TEENAGERS are a bit like mail carriers and members of Congress: Adults routinely rail against them as a group, although they quite like the ones they know personally. Today, however, there's a new, harder edge to teen-bashing, going well beyond the typical adult's knee-jerk repugnance toward rock videos, torn tee-shirts, and abrasive slang. At issue are not manners but morals. Scratch a teenager, says the current stereotype, and you find a rudderless, values-free individual uncommitted to society, impervious to arguments for restraint, and unwilling to participate in the community of human enterprise that creates a sustainable world. Consider:
Last spring, a Girl Scouts survey conducted by Louis Harris and Associates on ``The Beliefs and Moral Values of America's Children'' found that 65 percent of high-school students said they would cheat to pass an important exam.
In a series of well-known surveys by Dr. Alexander Astin, the number of first-year college students who put ``being very well off financially'' at the top of their list of life-goals has risen from 39 percent in 1970 to 75 percent in 1989.
Sexual restraint seems to be deteriorating. Figures from the National Center for Family Growth show that births to unmarried girls aged 15 through 19, which were 12.6 per 1,000 women in 1950, stood at 32.6 per 1,000 in 1986.
Juvenile violence is rising. In Massachusetts alone, the Department of Youth Services has noted a five-fold increase in juveniles committing murder in the past decade. And a recent report by the federal Centers for Disease Control concludes that homicide is the leading cause of death among black men aged 15 through 24.
Such figures make an apparent case that teenagers simply don't care about building sustainable communities. Yet in a report released last month from Independent Sector, a national coalition of organizations interested in not-for-profit activity, comes an entirely different view of teenagers. Surveying 14- to 17-year-old Americans on their habits of volunteering and charitable giving in 1989, these researchers found that:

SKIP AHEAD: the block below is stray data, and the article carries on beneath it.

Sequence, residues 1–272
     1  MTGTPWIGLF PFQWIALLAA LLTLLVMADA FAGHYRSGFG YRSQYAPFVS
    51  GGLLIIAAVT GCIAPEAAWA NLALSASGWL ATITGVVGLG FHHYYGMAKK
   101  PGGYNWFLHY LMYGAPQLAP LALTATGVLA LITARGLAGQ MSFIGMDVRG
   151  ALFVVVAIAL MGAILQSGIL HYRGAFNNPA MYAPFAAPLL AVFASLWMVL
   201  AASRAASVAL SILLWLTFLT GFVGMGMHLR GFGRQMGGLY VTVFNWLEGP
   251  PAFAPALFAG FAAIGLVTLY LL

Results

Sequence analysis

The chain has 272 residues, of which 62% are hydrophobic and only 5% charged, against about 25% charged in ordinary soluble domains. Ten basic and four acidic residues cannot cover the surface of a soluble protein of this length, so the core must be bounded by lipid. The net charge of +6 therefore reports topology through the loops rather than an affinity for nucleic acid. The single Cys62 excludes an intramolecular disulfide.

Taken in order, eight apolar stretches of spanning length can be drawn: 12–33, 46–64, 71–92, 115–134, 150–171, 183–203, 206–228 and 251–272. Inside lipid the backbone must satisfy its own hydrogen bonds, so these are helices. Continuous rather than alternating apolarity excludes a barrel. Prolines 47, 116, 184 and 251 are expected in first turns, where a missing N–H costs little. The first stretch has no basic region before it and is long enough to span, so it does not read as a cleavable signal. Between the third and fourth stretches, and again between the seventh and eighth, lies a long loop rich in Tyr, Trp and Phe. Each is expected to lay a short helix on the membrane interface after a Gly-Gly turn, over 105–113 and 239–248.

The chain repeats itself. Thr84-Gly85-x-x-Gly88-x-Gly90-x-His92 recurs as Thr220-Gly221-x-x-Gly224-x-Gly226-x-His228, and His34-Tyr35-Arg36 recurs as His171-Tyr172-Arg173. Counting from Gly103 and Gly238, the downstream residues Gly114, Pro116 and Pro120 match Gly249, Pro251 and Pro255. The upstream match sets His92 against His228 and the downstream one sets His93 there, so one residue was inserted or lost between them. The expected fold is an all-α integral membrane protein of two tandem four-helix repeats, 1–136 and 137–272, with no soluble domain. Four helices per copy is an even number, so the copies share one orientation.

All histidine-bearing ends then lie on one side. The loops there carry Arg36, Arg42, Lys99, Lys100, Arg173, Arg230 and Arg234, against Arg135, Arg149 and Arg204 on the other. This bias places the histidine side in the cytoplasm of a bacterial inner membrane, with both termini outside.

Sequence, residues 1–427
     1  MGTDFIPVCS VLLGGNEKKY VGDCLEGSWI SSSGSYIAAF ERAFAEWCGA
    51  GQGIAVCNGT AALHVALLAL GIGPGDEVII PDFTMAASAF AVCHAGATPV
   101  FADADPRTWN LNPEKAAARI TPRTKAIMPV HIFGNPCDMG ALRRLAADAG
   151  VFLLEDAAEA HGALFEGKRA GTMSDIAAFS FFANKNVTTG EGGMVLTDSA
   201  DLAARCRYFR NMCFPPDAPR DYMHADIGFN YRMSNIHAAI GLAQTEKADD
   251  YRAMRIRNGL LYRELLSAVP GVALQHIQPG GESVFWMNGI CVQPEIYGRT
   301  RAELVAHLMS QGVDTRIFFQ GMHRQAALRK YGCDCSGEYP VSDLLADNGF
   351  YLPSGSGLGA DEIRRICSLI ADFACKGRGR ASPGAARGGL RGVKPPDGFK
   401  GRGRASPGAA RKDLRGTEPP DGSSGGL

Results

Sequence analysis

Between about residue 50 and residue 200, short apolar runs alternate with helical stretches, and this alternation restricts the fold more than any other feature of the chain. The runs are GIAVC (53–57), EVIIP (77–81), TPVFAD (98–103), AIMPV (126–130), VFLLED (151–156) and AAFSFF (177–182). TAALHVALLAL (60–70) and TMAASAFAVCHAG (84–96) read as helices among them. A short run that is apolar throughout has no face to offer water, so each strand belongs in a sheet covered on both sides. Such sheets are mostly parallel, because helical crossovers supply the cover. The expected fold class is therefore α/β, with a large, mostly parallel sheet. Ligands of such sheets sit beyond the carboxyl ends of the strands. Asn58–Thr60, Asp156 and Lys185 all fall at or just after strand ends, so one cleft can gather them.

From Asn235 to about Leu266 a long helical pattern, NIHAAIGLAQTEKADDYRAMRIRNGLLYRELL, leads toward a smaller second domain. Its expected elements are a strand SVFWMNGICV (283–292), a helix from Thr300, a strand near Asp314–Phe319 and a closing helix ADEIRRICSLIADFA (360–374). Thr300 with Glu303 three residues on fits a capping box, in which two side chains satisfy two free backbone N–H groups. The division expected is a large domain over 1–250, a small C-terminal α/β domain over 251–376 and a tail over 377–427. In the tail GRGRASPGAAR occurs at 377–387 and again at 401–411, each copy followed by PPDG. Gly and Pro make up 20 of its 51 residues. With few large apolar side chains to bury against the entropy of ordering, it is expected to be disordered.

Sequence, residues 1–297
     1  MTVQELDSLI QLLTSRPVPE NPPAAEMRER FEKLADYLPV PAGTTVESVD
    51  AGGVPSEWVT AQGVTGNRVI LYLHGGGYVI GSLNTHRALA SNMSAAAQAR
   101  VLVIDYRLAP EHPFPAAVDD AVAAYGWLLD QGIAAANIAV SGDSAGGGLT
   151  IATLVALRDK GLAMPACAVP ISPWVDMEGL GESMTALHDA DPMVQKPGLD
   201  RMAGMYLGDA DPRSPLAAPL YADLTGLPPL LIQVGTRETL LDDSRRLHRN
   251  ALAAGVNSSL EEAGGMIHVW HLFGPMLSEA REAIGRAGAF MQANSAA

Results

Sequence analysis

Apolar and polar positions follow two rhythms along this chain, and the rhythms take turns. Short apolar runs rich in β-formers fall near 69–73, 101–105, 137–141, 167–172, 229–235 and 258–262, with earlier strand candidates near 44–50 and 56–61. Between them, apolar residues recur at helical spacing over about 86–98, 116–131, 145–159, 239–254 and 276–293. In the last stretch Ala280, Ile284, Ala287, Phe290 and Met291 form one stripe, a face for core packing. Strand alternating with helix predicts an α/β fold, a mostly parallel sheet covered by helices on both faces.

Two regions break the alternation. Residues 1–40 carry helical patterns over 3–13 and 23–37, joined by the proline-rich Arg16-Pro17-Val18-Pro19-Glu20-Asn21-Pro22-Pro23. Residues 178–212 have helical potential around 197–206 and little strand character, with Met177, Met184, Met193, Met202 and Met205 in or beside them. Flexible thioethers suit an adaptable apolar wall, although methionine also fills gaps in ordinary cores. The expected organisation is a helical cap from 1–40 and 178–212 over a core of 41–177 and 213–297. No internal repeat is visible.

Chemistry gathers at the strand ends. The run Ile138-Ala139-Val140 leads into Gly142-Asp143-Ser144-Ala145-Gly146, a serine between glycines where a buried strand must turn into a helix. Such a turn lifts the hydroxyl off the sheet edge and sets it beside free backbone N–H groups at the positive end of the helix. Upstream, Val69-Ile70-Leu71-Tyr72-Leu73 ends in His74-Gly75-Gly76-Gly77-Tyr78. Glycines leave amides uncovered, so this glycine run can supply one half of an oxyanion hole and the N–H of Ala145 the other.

Nearly three in five teenagers volunteered an average of 3.9 hours a week.
Nearly half the group also gave money to charitable causes. Average contribution per teenager: $46.
American teenagers gave 1.6 billion hours of volunteer time. Discount the so-called ``informal volunteering'' (like babysitting for free or baking cookies for a school fair), and you still have an impressive 1.2 billion hours of regular work for volunteer organizations - equivalent to 766,000 full-time employees.
Asked why they volunteered, nearly half said it was because they wanted to do something useful.
Are we talking about the same teenagers here? The stereotypes simply don't mesh. Why? Because there's a residual goodness in many of today's young people that often goes unreported. How can society capitalize on this goodness? The Independent Sector report also found that teenagers are nearly four times more likely to volunteer when asked than when they are not. Countless volunteer activities need helpers, from inner-city soup kitchens to rural environmental projects. And there are plenty of teenagers capable of volunteering. So what's needed? Sometimes just a simple request: Will you help?
The nation needs to find ways to involve its young people in creating better communities. Many teenagers are looking for something more fulfilling than wandering malls and listening to Walkmen. They're ready for a sense of usefulness and purpose that accompanies volunteer activity. They're ready to give.